When it comes to sipping daintily from the AC and running cooler, Intel chips are unmatched by anything IBM has to offer. And that’s a handy characteristic to have for a CPU that’s wedged within the narrow confines of a notebook.
But before we get into the nitty-gritty of what the Santa Clara, Calif.-based chip giant’s products
do for you, what they won’t offer is a giant leap in performance on the desktop. Apple’s current G5 is a powerful chip—despite running at slower clock speeds than the processors powering Wintel machines. Slower clocked x86-compatible Athlon 64s from über Intel-rival AMD’s regularly benchmark as fast or faster than Intel’s offerings. (Notebook performance is another matter as you’ll gather when you read about the Pentium M below.)
The Wintel world is cluttered with far more products than the Mac universe and Intel offers a bewilderingly large array of CPUs that vary in cache size, speed, and features. A lot can change in a year, but with a recent flurry of new technology releases from Intel, the first MacIntels should feature one of the following processors—or something very close to them.
Designed for: Desktops and desktop replacement laptops
The best known of Intel’s processors, the P4 was designed to achieve high clock speeds, but it generally does less per clock cycle than competing CPUs. The latest P4s run as fast as 3.8GHz with 1MB or 2MB of cache and an 800MHz front-side bus. They’re also 64-bit courtesy of Intel’s EM64T—a version of the x86-64 64-bit instructions developed by AMD for its Intel-compatible Athlon 64 CPUs. EM64T P4’s perform both 32-bit and 64-bit instructions with equal facility, and, if Apple systems employing them are anything like the PC-side of things, they should support at least 64GB of directly addressable memory.
Some P4 models also feature Hyper-Threading, which creates two virtual CPUs to improve performance when running simultaneous tasks—like applying a Photoshop filter while you’re browsing the Web.
Designed for: Desktops and performance laptops
The Pentium D evolved out of the P4 and, like the G5 and most Intel CPUs, is manufactured using a state-of-the-art 90-nanometer process. The “D” stands for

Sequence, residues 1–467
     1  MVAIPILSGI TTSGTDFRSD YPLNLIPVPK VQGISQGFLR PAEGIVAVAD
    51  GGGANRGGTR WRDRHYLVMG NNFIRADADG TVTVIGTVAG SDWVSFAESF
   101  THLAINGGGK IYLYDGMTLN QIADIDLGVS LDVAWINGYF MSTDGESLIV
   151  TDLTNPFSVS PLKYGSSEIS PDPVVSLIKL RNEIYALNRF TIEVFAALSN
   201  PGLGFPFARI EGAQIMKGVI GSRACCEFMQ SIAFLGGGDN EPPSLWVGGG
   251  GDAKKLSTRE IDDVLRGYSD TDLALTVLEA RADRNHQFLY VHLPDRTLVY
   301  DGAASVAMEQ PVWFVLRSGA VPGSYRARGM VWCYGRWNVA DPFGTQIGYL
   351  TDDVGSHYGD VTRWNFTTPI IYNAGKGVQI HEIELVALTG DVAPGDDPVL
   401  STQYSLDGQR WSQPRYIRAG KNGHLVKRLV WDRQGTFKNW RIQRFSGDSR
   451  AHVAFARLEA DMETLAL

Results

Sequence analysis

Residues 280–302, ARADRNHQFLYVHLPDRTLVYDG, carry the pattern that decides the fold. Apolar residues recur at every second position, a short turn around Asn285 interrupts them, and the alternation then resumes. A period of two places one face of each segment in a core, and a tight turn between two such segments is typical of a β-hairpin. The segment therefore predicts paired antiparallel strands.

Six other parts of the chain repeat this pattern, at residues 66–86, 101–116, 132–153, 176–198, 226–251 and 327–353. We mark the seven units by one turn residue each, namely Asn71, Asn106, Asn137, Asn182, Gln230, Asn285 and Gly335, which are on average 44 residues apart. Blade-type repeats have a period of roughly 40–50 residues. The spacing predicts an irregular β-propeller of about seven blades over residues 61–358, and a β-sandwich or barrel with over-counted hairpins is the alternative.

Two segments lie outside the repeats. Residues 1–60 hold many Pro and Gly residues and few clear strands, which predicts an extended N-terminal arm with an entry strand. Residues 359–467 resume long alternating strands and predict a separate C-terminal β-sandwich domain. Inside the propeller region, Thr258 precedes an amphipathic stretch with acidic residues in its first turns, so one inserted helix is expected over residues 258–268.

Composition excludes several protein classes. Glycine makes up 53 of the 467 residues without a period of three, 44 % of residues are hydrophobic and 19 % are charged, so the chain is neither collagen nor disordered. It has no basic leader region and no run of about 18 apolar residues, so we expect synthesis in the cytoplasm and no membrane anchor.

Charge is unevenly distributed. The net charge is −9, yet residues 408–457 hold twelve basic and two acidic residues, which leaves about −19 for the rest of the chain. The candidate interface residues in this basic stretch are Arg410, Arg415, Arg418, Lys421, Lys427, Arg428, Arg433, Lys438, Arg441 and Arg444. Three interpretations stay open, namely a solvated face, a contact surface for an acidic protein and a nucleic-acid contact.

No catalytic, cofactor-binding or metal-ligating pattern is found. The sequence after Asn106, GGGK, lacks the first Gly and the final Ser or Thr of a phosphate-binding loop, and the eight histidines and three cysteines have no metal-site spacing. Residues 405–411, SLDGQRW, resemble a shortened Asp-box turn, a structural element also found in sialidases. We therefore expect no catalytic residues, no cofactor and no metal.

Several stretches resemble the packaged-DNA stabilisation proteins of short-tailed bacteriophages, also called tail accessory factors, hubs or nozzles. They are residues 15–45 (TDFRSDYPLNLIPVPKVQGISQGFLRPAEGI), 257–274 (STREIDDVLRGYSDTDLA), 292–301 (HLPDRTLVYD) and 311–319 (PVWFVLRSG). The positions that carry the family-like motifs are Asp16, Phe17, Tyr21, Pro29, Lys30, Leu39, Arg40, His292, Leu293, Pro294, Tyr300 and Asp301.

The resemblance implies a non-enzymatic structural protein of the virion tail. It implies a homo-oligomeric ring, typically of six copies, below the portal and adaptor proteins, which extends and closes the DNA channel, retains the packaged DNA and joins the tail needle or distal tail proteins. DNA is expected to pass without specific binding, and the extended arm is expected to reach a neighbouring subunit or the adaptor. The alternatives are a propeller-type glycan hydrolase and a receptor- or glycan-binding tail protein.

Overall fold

which means two execution cores—the heart of a CPU that actually processes the instructions—on the same chip. It’s essentially the same concept as a dual-processor G5, except that the CPUs and support logic are found on a single piece of silicon. With two cores, Pentium D CPUs are especially adept at multi-tasking and all three models (2.8GHz, 3.0GHz, and 3.2GHz) feature the EM64T instruction set, 1MB of cache per core, and an 800MHz front-side bus.
Pentium 4 Extreme Edition
Designed for: Gaming and performance desktops
The newest version of the P4 EE is actually a Pentium D with Hyper-Threading enabled, meaning two physical processor cores split via Hyper-Threading for a total of four virtual CPUs. This latest flagship EE shouldn’t be confused with older EE models, which are single-core P4’s with HT and either a 2MB cache (3.73GHz, 1066MHz front-side bus, 90-nanometer model) or dual 512KB L2 and 2MB L3 caches (3.2Ghz/3.46GHz, 800MHz/1066MHz front-side bus, 130-nanometer models).
Designed for: Laptops
Some think that the 32-bit Pentium M is what Apple was really after from Intel in the short term. The Pentium M isn’t based on the P4 core; it’s a separate animal that does a lot more work per clock cycle. Available in clock speeds from 1.5- to 2.13GHz, it easily outperforms the G4 found in Apple’s fastest notebooks and offers wonderfully parsimonious power consumption. Pentium M notebooks regularly last more than five hours on a single battery charge—something iBook and Powerbook users can currently only dream of.
Designed for: budget desktops, laptops
Celerons are the lower-priced, 32-bit-only cousins of the Pentium that generally suffer a slower front-side bus, less cache or some other performance-inhibiting characteristic. They cost only a little less than low-end Pentium models but you never know what might make an appearance in a budget MacIntel.
Jon L. Jacobi is a widely published freelance computer journalist who lives
and works the Bay Area.
EDITOR’S NOTE: A sentence about the EM64T Pentium 4 has been edited to correct a typographical error.